Attacks on objects used "in direct support of military action" are permissible, however, even if these objects are civilian foodstuffs and other objects protected under article 14. This exception is limited to the immediate zone of actual armed engagements, as is obvious from the examples provided of military objects used in direct support of military action: "bombarding a food-producing area to prevent the army from advancing through it, or attacking a food-storage barn which is being used by the enemy for cover or as an arms depot, etc."92
The provisions of Protocol I, article 54 are also useful as a guideline to the narrowness of the permissible means and methods of attack on foodstuffs.93 Like article 14 of Protocol II, article 54 of Protocol I permits attacks on military food supplies. It specifically limits such attacks to those directed at foodstuffs intended for the sole use of the enemy's armed forces. This means "supplies already in the hands of the adverse party's armed forces because it is only at that point that one could know that they are intended for use only for the members of the enemy's armed forces.@94 Even then, the attacker cannot destroy foodstuffs "in the military supply system intended for the sustenance of prisoners of war, the civilian population of occupied territory or persons classified as civilians serving with, or accompanying, the armed forces."95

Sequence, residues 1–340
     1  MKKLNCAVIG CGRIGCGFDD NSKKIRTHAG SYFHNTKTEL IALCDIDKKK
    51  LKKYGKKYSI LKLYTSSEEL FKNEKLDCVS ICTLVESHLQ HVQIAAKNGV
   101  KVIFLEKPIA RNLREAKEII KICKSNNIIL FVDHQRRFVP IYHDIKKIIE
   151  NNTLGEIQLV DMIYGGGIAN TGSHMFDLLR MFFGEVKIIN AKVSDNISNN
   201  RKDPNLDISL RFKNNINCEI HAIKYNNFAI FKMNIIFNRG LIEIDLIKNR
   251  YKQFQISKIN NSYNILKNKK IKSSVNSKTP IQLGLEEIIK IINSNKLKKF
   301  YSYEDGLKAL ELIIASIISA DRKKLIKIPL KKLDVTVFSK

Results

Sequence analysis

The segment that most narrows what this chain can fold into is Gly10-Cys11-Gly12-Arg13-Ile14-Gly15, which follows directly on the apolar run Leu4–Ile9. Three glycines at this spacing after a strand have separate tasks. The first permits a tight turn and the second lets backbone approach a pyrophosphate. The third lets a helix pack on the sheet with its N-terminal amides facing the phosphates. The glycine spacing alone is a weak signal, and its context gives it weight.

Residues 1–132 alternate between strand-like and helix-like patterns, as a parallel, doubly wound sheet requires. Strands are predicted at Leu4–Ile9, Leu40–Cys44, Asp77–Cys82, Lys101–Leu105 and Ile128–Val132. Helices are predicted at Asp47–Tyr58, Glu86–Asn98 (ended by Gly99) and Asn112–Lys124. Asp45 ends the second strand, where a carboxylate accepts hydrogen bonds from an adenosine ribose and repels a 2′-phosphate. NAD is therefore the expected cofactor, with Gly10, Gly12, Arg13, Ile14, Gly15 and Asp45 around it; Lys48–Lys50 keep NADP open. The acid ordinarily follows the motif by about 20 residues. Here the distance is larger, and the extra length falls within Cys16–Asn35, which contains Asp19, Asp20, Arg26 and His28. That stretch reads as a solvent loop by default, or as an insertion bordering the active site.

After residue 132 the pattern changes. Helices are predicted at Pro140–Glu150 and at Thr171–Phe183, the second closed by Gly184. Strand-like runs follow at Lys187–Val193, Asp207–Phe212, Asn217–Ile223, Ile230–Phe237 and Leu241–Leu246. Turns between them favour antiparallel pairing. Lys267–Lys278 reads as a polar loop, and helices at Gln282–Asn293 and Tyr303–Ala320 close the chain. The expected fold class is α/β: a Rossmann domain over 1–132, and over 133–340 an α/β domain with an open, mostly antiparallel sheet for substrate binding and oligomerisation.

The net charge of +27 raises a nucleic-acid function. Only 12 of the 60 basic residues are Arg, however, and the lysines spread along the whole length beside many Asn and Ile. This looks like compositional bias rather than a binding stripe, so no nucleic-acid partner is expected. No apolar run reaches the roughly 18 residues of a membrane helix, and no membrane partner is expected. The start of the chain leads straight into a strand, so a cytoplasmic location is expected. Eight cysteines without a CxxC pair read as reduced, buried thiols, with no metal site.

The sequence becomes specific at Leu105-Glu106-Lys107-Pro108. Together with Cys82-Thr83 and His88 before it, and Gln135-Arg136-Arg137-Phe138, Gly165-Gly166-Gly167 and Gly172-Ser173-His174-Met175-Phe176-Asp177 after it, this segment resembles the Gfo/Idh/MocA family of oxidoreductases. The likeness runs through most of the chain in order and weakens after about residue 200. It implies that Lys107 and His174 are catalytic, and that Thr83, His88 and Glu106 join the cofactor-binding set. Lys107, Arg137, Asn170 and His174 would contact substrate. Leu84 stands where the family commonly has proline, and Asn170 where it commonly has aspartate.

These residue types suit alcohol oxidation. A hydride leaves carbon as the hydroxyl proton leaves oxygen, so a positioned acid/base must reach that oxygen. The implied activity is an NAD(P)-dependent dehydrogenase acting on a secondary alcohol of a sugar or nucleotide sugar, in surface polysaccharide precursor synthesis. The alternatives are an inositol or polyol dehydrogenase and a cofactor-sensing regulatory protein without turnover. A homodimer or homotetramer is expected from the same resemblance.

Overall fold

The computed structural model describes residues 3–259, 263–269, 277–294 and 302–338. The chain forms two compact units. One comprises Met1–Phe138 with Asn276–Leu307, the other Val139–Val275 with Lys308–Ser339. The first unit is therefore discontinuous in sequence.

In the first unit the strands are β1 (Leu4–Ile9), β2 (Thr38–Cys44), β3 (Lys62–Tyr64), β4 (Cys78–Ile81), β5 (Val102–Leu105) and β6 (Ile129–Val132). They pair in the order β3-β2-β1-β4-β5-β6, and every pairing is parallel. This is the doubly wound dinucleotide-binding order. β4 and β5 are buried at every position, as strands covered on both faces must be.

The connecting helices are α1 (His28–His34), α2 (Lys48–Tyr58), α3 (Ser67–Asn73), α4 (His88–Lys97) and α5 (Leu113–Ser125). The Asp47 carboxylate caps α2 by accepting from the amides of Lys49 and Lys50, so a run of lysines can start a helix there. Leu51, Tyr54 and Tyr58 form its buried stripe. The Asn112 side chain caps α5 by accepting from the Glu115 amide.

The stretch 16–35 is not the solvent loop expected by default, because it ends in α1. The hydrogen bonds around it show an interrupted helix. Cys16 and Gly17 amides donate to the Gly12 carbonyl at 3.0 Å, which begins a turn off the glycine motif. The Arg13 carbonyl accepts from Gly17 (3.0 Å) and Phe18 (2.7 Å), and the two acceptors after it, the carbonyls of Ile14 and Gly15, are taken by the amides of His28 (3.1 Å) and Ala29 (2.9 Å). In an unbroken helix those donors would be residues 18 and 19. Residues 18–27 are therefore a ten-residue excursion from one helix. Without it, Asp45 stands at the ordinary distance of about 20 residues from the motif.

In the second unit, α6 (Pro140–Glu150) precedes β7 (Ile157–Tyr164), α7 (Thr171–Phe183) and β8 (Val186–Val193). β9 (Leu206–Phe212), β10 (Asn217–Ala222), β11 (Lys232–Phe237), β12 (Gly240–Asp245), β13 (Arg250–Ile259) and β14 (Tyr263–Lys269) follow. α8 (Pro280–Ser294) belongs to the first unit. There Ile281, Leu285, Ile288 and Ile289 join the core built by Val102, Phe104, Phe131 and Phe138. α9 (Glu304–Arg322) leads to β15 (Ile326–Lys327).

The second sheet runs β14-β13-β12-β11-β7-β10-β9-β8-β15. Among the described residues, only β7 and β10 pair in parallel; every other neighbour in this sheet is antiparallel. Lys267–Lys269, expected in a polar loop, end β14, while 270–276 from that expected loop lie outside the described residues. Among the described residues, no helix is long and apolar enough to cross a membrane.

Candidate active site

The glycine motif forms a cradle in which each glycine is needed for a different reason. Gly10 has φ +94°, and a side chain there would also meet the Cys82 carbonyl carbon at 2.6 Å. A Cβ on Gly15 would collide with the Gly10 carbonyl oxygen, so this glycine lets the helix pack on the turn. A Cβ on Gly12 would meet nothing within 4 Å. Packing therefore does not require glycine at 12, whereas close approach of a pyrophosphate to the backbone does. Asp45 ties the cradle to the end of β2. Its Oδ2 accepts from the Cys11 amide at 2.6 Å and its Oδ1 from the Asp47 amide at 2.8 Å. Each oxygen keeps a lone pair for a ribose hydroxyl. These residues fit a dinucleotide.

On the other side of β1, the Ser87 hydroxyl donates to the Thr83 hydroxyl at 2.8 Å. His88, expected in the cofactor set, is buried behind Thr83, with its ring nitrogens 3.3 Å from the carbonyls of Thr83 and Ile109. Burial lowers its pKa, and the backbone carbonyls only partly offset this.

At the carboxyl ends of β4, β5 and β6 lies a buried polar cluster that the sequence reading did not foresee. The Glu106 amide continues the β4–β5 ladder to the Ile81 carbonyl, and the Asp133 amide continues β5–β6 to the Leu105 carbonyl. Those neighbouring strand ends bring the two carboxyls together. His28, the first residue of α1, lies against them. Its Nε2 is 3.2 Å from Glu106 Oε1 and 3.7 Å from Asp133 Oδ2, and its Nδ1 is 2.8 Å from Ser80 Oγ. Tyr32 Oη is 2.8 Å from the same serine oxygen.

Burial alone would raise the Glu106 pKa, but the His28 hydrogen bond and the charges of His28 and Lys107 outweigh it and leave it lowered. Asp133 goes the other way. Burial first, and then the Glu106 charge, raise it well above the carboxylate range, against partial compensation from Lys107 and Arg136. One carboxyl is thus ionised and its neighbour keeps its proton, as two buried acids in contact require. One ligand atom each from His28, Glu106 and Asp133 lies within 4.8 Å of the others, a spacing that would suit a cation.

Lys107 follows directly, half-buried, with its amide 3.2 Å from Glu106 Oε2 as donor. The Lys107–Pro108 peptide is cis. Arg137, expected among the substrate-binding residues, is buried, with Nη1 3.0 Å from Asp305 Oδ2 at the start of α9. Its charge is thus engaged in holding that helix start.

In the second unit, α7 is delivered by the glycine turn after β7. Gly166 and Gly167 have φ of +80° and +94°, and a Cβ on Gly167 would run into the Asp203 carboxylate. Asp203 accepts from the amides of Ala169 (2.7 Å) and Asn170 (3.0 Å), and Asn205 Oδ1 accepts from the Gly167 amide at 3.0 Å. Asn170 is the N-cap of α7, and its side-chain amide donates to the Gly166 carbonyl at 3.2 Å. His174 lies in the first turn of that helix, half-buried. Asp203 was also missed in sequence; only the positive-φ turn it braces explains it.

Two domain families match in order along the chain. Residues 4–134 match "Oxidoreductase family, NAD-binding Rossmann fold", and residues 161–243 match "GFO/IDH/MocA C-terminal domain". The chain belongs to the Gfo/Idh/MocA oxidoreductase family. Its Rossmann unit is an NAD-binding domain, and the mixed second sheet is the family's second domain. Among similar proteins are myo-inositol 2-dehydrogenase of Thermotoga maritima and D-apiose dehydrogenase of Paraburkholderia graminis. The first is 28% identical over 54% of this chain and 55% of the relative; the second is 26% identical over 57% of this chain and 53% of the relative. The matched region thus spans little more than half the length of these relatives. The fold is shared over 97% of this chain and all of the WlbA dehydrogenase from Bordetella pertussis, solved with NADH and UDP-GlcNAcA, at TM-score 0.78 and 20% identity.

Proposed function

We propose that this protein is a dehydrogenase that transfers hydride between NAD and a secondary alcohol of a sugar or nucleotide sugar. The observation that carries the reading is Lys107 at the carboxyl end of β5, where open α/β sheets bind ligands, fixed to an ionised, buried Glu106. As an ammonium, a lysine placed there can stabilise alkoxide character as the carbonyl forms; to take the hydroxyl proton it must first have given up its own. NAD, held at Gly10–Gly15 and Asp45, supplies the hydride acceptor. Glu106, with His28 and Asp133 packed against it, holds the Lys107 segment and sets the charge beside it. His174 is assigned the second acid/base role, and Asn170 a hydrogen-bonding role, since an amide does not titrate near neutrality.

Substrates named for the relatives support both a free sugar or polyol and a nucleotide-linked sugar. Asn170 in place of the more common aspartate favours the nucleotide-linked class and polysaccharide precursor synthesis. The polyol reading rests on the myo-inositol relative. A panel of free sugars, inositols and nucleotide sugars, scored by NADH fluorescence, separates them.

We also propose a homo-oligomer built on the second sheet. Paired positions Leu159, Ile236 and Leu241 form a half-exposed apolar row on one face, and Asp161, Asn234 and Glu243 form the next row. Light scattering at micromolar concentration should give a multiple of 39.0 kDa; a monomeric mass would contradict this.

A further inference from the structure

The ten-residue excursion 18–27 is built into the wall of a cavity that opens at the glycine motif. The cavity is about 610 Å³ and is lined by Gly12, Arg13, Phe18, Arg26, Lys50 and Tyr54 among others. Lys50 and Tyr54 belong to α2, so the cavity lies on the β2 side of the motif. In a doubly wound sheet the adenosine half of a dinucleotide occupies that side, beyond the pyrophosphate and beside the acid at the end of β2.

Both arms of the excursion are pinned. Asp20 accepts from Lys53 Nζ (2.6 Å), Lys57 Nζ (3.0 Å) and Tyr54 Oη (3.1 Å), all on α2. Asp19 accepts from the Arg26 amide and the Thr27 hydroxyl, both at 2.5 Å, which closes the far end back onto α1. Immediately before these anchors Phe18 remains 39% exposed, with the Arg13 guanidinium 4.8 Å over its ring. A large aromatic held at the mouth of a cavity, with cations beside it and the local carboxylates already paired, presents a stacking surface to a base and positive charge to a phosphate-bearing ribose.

Proof of Intention to Starve Civilians
Under article 14, what is forbidden are actions taken with the intention of using starvation as a method or weapon to attack the civilian population. Such an intention may not be easy to prove and most armies will not admit this intention. Proof does not rest solely on the attacker's own statements, however. Intention may be inferred from the totality of the circumstances of the military campaign.
Particularly relevant to assessment of intention is the effort the attacker makes to comply with the duties to distinguish between civilians and military targets and to avoid harming civilians and the civilian economy.96 If the attacker does not comply with these duties, and food shortages result, an intention to attack civilians by starvation may be inferred.